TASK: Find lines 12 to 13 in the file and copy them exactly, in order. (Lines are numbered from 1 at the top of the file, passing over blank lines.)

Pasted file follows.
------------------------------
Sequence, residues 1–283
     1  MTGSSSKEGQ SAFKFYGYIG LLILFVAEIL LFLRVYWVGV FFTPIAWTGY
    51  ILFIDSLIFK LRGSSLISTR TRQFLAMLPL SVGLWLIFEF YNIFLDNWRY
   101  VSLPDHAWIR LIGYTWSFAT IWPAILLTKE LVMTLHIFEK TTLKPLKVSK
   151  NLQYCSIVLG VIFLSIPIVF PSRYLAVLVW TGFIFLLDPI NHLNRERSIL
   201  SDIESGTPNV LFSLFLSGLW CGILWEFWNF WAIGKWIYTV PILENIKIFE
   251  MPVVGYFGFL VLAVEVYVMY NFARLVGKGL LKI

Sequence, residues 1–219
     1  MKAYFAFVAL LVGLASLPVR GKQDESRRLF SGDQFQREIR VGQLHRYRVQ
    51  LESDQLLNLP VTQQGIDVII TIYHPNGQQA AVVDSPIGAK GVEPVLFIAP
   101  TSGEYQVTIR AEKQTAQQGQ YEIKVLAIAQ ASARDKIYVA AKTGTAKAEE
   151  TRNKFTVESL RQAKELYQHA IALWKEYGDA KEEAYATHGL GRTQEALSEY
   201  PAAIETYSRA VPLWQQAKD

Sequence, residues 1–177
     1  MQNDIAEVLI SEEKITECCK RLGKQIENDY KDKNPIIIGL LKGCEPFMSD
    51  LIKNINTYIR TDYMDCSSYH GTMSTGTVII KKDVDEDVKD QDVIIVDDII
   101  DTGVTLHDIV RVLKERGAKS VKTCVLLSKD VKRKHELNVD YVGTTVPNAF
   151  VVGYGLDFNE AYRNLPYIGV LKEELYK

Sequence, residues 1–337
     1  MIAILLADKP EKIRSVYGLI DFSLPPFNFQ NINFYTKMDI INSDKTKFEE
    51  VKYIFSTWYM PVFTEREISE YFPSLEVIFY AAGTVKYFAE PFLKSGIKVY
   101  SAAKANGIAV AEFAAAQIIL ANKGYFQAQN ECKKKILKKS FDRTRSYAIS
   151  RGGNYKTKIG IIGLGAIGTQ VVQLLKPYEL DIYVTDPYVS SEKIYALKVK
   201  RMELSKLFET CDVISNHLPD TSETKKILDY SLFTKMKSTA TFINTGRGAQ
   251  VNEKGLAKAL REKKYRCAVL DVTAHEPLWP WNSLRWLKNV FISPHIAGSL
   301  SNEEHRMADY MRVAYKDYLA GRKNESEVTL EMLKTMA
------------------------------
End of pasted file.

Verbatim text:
   151  TRNKFTVESL RQAKELYQHA IALWKEYGDA KEEAYATHGL GRTQEALSEY
   201  PAAIETYSRA VPLWQQAKD